When we’re playing to our strengths, we are able to make the best use of our energy, our individual spark. This is something to consider when we care for relatives.
Writing with our dominant hand is second nature for most of us. It feels easy, our writing flows and we can express ourselves quickly. In contrast, using our non-dominant hand to write feels strange and takes a lot of concentration as well as more time. This principle can be translated to our activities when caring for a loved one.
Supporting Others with Our Strengths
I’m confident in supporting others by listening, carrying out personal care, shopping and doing practical household tasks. I’m also practiced at gentle hand/foot massage and being present. However, DIY, financial matters, technology and form filling aren’t my areas of expertise. When I’m in a caring role, it helps if my duties are geared around my strengths. If most of the time I’m required to focus on my weaknesses, I don’t do a very good job and it feels very unsatisfactory for both me and the person I’m supporting! This way of supporting is usually very short lived.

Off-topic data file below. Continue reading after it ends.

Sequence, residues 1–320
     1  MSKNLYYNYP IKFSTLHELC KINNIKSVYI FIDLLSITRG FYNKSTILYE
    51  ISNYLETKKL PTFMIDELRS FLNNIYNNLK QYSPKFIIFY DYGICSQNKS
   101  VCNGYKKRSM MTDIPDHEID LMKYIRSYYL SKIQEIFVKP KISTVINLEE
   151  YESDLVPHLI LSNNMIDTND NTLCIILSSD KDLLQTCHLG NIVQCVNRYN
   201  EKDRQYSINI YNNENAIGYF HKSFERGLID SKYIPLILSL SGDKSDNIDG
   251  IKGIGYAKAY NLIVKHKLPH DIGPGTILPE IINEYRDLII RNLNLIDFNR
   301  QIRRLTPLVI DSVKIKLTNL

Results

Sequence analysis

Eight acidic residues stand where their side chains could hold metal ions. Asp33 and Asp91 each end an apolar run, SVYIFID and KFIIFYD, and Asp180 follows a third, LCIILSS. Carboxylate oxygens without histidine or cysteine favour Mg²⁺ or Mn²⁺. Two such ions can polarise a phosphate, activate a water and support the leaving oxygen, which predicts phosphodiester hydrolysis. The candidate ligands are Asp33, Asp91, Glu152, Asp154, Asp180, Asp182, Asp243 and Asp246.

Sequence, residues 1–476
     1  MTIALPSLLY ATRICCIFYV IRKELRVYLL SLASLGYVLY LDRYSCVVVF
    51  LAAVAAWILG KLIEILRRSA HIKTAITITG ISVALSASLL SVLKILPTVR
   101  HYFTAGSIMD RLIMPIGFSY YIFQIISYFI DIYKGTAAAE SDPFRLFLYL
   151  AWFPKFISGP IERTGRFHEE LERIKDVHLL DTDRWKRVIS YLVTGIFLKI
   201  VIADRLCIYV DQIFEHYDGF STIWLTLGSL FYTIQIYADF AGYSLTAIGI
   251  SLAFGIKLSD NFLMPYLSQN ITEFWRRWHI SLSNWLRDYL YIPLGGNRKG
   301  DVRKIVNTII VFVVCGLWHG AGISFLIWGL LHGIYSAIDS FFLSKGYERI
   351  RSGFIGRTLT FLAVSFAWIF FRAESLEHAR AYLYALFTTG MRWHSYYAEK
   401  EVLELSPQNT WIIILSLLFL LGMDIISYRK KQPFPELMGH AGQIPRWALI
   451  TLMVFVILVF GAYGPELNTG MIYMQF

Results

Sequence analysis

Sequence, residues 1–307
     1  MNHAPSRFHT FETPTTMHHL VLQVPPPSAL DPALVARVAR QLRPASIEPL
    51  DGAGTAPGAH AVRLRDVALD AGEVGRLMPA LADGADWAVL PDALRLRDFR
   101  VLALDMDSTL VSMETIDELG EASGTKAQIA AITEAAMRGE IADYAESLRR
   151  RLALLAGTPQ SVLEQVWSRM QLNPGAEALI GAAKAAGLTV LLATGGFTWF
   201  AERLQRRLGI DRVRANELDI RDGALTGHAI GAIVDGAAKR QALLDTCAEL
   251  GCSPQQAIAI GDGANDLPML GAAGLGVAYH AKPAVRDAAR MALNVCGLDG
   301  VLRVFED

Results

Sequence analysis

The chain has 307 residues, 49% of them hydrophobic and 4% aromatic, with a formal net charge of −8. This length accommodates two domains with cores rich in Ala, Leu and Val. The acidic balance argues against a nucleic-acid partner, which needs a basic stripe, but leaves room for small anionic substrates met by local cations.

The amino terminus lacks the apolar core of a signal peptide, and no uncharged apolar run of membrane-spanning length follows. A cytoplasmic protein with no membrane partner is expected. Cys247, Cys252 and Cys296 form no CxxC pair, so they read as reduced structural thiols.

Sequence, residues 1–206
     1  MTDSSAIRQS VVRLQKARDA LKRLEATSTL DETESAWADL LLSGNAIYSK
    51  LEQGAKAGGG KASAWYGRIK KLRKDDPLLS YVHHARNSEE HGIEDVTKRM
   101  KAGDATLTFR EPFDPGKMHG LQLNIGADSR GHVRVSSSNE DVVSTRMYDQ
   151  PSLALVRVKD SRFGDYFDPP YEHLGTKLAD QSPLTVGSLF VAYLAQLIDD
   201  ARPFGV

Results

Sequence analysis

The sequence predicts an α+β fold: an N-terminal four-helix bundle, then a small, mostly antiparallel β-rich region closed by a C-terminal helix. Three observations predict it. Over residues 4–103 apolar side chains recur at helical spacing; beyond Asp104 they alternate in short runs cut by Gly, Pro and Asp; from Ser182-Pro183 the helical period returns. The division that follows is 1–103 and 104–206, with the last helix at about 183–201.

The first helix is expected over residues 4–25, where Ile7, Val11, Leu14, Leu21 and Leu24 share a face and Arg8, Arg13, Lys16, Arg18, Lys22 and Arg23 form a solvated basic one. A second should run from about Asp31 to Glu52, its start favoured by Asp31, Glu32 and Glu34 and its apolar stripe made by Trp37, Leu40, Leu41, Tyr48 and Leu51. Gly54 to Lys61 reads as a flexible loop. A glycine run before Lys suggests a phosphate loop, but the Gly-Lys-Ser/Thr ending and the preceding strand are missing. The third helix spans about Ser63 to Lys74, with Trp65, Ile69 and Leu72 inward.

However, I’ve also developed new skills whilst caring for others. Supporting people at medical appointments, caring for pets, using equipment and driving adapted vehicles are all skills I’ve developed whilst supporting others. Trying new activities is well worth a go, especially if someone who’s skilled is there to guide and support us. We get chance to develop and add to our strengths. In this way, we can offer more the next time we’re needed to support another.
Using Time Wisely
When time is short and a loved one needs out support, playing to our strengths is a sensible way forward. We offer our best. Our energy is maximised. Our spark of individuality is utilised. We get satisfaction from the positive difference we make for our loved one and their need is met.
If you’re planning a relative’s support, it helps to have a team of people involved. This way, each individual can utilise their strengths and many different areas can be covered. If there are still gaps, consider how these gaps may be filled and who could help in your local community.
Each of us can do something for a relative in need of care. Identify what they need, match these with your particular skills and agree when, where and how you can best fulfil their needs. It’s a privilege and a joy to provide someone with something they need and our relationships grow and flourish in these circumstances.